Pluto may not be categorised as a planet any more, but it still holds plenty of fascination. Well, a few scientists consider they've discovered the truth.
"We found an intriguing consistency between the estimated amount of nitrogen inside the glacier and the amount that would be expected if Pluto was formed by the agglomeration of roughly a billion comets or other Kuiper Belt objects similar in chemical composition to 67P, the comet explored by Rosetta", Chris Glein, a scientist at the Southwest Research Institute (SwRI) in San Antonio, said in a statement. The new theory is detailed in paper available on the arXiv server and is due to be published in the journal Icarus.
Focusing largely on an area of Pluto known as Sputnik Planitia, the scientists explain that the chemical composition of the region - packed with nitrogen - seems to match up shockingly well with that of a well-studied comet.
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The researchers also looked into another possible model in which Pluto formed from very cold ices.
The authors of the brand-new research study have not shown that Pluto formed from a billion comets, however they have actually begun an interesting discussion- one that's tough our conceptions of how big and remote heavenly bodies originated. For instance, researchers have long questioned whether comets were the source of the Earth's water or whether they was essential for the shipment of the active ingredients for life.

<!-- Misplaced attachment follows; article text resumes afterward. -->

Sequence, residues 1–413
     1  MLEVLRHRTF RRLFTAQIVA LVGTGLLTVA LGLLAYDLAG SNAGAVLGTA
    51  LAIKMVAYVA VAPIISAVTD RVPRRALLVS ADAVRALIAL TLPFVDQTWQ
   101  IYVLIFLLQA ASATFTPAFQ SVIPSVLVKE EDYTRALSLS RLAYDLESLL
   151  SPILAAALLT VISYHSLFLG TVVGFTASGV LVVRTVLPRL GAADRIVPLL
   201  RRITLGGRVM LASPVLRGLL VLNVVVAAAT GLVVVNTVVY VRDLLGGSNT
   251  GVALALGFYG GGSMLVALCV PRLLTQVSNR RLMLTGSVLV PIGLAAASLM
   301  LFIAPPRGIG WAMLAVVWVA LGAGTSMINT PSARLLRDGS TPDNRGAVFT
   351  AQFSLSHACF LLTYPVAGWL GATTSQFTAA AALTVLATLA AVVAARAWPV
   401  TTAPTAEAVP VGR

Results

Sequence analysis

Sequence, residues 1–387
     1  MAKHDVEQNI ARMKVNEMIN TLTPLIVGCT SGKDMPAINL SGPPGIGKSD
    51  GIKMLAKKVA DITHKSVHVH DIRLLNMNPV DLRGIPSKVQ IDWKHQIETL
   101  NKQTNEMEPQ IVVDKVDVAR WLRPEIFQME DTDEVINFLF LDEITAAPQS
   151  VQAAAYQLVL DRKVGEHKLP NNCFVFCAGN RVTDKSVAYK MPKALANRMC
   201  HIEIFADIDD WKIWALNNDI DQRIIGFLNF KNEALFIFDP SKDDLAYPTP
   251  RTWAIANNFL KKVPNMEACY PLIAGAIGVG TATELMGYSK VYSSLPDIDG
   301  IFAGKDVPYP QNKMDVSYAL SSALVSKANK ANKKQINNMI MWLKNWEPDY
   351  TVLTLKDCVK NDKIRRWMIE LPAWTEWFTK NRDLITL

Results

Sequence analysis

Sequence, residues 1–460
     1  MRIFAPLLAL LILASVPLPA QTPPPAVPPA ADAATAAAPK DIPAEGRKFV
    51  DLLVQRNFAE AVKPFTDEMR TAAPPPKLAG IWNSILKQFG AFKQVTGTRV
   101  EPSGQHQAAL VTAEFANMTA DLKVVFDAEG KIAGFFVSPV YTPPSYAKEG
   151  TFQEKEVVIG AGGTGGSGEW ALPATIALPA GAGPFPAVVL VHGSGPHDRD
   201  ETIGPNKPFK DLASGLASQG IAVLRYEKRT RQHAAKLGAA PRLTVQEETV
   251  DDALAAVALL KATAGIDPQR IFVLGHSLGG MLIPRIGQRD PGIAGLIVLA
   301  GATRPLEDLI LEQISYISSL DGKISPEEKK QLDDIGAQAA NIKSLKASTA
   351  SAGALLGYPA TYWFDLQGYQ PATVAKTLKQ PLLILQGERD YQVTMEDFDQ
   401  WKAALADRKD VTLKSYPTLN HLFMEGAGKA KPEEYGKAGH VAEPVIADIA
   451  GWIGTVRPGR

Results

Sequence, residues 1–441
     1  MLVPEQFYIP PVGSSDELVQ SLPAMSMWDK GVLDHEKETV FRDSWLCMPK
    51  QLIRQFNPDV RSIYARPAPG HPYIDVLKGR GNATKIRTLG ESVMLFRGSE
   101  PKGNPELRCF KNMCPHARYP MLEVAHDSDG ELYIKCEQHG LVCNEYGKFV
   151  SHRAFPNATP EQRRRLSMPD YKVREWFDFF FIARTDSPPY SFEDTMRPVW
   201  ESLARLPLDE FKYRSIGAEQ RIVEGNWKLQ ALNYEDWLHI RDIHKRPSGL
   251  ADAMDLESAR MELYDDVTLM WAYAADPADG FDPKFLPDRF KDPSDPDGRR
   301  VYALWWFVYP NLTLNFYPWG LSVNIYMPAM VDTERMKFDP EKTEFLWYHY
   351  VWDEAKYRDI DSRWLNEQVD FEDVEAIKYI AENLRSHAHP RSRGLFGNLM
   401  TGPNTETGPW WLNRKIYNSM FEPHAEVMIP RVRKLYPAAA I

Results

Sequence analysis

Previously, scientists thought that maybe the nitrogen came from comets that landed on Pluto - but that model would not account for the sheer amount of it.
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Scientists needed to understand not only the nitrogen present at Pluto now - in its atmosphere and in glaciers - but also how much of the volatile element potentially could have leaked out of the atmosphere and into space over the eons.
In the new "giant comet" cosmochemical model, Pluto's initial chemical makeup is inherited from comet building blocks but was later changed by liquid water. Methane is shown in purple, nitrogen in yellow, carbon monoxide in green, and water ice in blue. Then in 2015 NASA's New Horizons spacecraft paid the icy dwarf a visit, giving us a better glimpse of its surface than ever before.
"Using chemistry as a detective's tool, we are able to trace certain features we see on Pluto today to formation processes from long ago". This shut encounter, which is able to happen on January 1, 2019, about 1 billion miles (1.6 billion kilometers) past Pluto's orbit, is the centerpiece of New Horizons' prolonged mission.
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"While Rosetta yielded unbelievable information about 67P, we still do not know if 67P is really representative of the Planetary system's large stock of comets", he stated.